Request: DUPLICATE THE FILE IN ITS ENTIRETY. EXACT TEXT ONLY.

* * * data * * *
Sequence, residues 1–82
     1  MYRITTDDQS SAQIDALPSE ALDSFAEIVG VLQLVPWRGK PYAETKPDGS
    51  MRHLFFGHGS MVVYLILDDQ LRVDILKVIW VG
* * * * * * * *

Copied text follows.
Sequence, residues 1–82
     1  MYRITTDDQS SAQIDALPSE ALDSFAEIVG VLQLVPWRGK PYAETKPDGS
    51  MRHLFFGHGS MVVYLILDDQ LRVDILKVIW VG